Sometimes things just come together. That hasn't been true for me lately, for reasons as diverse as the weather, work, and interference from darned model trains. As a result my railfanning has been essentially non-existent for more than two weeks.
Today changed that. After spending my working hours in Tyler, I headed back to Marshall for the evening. I always take the longer way back instead of the back road just in case there is some action along the Marshall Sub or on the DME. It was a pleasant late afternoon so it seemed only appropriate to sit a bit at the Florence interchange, just north of the namesake town.
Less than 10 minutes after arriving, sure enough, a headlight appeared to the east. A DME train was working its way into the sun.
A quick text to Jer told me what had to be done. My message about a land barge bound for Lake Benton brough the almost instantaneous response of "WHAT!? SHOOT IT!". Off I went, trying to track the progress of the train with an occasional brief glimpse between the hills as the track twisted through the countryside.
With a lead on reaching Tyler, I looked for a likely shot. The sight that greeted me was horrifying, as an eastbound rolled into view. Now what? Not knowing the area, I had no idea where the meet would be made or how long it would take. Heck, I've even seen DME trains tied down near Florence and for all I knew they wouldn't proceed. It was time for a u-turn and some exploring. I flew down the blacktop, then gravel, roads at top speed and overtook the eastbound. Sure enough, the first train spotted was slowing for a meet at what turned out to be the Florence siding. Here are the two trains as they approach-both are moving.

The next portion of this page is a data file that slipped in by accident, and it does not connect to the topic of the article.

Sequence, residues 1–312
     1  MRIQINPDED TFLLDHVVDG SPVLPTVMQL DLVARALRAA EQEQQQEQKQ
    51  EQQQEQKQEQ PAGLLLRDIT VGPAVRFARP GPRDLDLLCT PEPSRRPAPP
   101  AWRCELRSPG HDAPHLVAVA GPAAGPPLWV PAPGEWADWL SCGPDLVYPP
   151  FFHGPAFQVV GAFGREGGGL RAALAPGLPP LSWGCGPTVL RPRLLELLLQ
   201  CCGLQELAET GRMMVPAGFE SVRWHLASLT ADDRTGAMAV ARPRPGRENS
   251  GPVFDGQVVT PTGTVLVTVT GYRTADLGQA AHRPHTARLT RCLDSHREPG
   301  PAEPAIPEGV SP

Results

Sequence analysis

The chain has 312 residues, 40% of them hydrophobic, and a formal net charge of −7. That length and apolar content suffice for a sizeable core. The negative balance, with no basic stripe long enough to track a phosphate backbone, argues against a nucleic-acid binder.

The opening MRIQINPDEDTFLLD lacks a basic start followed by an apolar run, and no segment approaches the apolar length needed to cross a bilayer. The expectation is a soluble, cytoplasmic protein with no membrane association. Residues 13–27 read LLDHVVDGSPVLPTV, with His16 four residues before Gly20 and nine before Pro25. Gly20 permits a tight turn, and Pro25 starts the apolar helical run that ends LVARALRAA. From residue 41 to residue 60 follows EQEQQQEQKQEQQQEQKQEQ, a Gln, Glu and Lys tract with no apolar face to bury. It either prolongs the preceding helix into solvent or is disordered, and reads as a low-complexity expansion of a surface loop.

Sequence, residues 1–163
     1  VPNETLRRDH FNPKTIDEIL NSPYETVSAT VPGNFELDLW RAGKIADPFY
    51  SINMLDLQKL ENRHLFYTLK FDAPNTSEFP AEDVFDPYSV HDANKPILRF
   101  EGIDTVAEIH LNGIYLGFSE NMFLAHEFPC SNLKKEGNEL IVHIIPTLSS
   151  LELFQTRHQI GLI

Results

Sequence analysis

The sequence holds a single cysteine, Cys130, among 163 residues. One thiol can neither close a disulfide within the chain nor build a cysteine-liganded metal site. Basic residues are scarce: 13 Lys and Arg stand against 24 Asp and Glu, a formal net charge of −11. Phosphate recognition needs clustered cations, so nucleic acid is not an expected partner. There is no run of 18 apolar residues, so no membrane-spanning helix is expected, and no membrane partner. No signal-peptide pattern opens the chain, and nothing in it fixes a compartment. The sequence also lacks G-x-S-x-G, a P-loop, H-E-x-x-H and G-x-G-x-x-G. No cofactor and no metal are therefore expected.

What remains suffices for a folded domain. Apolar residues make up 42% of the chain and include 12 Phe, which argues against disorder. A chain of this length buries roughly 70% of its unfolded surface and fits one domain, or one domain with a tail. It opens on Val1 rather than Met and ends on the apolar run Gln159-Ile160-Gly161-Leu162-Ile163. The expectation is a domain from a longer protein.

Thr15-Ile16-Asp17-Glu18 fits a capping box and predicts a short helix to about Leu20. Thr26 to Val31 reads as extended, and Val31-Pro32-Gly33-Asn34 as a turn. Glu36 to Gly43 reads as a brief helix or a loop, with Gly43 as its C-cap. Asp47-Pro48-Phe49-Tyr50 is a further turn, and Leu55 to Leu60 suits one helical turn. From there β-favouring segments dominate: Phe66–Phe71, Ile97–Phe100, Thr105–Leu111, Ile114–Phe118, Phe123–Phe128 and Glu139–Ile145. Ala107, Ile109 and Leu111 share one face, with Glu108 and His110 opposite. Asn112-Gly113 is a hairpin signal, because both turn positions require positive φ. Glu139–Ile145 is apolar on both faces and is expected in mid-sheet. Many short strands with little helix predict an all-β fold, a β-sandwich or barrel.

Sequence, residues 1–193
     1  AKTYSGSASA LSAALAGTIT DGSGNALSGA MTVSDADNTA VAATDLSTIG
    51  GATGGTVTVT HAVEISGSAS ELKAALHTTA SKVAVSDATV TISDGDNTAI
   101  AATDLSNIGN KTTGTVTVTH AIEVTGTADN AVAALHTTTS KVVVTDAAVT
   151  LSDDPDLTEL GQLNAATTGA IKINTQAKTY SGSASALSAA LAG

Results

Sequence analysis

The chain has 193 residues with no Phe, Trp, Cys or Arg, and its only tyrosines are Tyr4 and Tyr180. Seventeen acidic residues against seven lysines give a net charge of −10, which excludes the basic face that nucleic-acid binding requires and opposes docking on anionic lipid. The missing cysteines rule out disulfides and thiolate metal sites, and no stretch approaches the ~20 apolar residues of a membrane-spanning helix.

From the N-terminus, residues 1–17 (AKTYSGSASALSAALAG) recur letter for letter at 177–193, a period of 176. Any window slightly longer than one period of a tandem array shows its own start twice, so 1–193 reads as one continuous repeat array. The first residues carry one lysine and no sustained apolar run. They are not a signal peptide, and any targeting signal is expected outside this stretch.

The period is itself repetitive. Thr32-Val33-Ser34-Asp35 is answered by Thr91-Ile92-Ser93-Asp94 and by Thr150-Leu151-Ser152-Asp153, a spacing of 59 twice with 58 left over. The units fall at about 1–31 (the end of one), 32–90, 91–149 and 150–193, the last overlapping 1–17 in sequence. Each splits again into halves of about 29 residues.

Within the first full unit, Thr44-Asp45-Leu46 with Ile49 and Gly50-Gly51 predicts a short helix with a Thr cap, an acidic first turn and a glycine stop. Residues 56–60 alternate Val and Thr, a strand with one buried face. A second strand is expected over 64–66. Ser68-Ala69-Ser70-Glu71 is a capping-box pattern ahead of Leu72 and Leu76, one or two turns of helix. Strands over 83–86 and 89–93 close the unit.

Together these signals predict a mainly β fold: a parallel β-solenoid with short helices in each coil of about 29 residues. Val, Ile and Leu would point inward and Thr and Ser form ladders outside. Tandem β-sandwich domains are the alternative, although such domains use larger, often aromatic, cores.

I had to fire off one more. After all, how often can you get 10 active SD40-2's (OK, yellow unit on the westbound looks like a 45, sorry) in one frame in this day and age?
Thankfully, the westbound quickly switched his lights back on and got underway, accelerating quickly with all that power at hand. In this shot the tail end of the eastbound is just about out of sight, the switch has been lined, and the 6200 is ready to roll.
The sun was going away fast, and despair was rising as the glowing orb fell, but I continued on in hopes they would make good time between the Florence siding and Lake Benton. I wasn't going to put all my eggs in that basket, though. Just a couple of miles west is a crossing I had shot once before, so a quick stop was in order.
One more quick stop along 14 yielded a sad "across the field" shot, something I just can't seem to get right. Then it was off to the races again.
Having only fanned the Lake Benton area once before, I was hoping to remember how to get to the spot that many others have featured. It seemed further out of town that I remembered, but finally I was climbing the hill on the sunny side of the train as it approached. I fired off a few shots, including this one:
And with that, the chase was over. The valley was in shadow in just a few minutes, so on this day the railfan spirits smile on me and allowed the opportunity for a shot. Thanks for that.
Thanks, Jer, for the inspiration!